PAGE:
- Allowing for employers to direct employees to take annual leave.
- Increased flexibility in taking leave such as double leave at half-pay, where employers and employees agree.
- Allowing employers to engage casual and part-time employees for shorter shifts.
- Giving employers flexibility to reduce hours for full and part-time staff, whilst allowing employees whose hours are reduced to take on another job or ask to engage in training or additional study.
Labor calls for ban on evicting tenants
Labor’s Jason Clare, Chris Bowen and Anthony Albanese are out and about today (at the necessary social distance) to call for renters to be looked after.
We are still waiting on the decision from the national cabinet about what to do for renters. It is complicated – some landlords have lost their jobs, there are insurance implications and some people are just panicking, but a decision will need to be made soon, given that 280,000 people registered an intent to claim Centrelink benefits in one day.
Our home is our castle. In the next few months, it’s going to be our fortress. More and more Australians are being told to stay at home, but you can’t day at home if you don’t have one.
You can’t stay at home if you have been evicted. That’s why we’re saying we need a freeze on evictions, just like we’ve seen in the UK or in New Zealand, or for that matter in Tasmania.
Tasmania announced just yesterday that they are taking steps to stop evictions for the next few months.
That’s the sort of practical, common-sense measure, to make sure that we protect people.
This is a health measure, as much as an economic measure. When people are being told to stay at home, we need to make sure we’re not kicking people out on to the street.
And as Albo said, we’ve also got to protect landlords. We have to protect the home owners.
We have do protect the people who rely on that money – that rent – to pay the bills, put food on the table or to pay their mortgage.
That is why it is important that the big four banks have done what they have already promised to do – and that is defer mortgages to give people relief there.
We have to make sure that all banks, all building societies, all financial institutions that provide that finance to home owners provide the same sort of relief. Because we’re all in this together. We have to make sure that we look after each other. The bottom line is that no-one should lose their home, whether they own it or rent it, because of this virus.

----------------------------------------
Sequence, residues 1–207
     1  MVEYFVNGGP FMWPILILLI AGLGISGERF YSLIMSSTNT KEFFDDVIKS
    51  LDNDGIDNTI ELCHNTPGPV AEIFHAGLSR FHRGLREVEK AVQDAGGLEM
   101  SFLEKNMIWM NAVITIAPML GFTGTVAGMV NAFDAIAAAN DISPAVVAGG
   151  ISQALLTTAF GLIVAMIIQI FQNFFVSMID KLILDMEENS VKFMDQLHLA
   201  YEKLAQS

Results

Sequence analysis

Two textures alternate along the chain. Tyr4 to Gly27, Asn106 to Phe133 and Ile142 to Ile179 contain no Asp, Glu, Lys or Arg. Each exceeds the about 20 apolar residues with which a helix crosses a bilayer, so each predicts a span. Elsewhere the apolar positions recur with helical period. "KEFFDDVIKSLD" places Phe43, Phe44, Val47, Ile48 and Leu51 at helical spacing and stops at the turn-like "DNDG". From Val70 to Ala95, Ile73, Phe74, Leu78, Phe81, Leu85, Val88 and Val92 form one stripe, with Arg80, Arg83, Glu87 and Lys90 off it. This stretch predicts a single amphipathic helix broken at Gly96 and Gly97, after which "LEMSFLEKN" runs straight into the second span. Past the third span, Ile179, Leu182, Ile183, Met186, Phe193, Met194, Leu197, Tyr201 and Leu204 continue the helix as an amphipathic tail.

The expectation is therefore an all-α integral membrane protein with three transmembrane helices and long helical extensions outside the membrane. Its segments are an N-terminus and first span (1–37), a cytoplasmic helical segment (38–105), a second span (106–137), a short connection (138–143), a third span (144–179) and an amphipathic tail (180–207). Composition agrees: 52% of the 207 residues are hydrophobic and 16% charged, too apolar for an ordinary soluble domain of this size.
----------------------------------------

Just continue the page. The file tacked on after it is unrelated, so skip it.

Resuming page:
South Australia to go pupil free from 4 April
On the footsteps of the Queensland announcement, South Australia is following suit, going “pupil free” from 4 April.
That means the schools will be open for people who need to send their kids there (outside of the school holidays for Easter) but parents, if they can, should keep their kids at home.
Teachers there are working on online and distance learning things as well.
The Queensland schools announcement from the education minister, Grace Grace:
In a nutshell, student-free days from Monday. Schools are open for essential workers and workers required in the workplace. Teachers will move to developing remote learning and online learning for students, and all those learning materials for what potentially may lie ahead, we will cater for any high risk workers that have concerns, and obviously vulnerable children will be catered for as well.
The ABS has released a survey of businesses before the first round of social distancing – which shows that businesses were already falling off the cliff. It basically shows that people were freaking out, before the forced business closures.
Approximately half of the Australian businesses surveyed (49%) had experienced an adverse impact as a result of Covid-19 during the mid-March data collection period and 86% of businesses expected to be impacted in future months. The collection period pre-dated the Australian government’s announcement of Phase 1 Social Distancing measures.
Adverse impacts were most prevalent in accommodation & food services with over three quarters of businesses (78%) already reporting impacts and 96% of businesses reporting that they expected impacts in coming months. Businesses in professional, scientific & technical services (21%), electricity, gas and water supply (34%) and businesses in mining (37%) were the least likely to have been adversely impacted by Covid-19 in the collection period.
A reduction in local demand was the most common impact experienced (82%) and was also the most common impact expected in coming months (81%). Of impacted businesses, over a third had experienced staff shortages (36%) and 59% expected to experience staff shortages in coming months.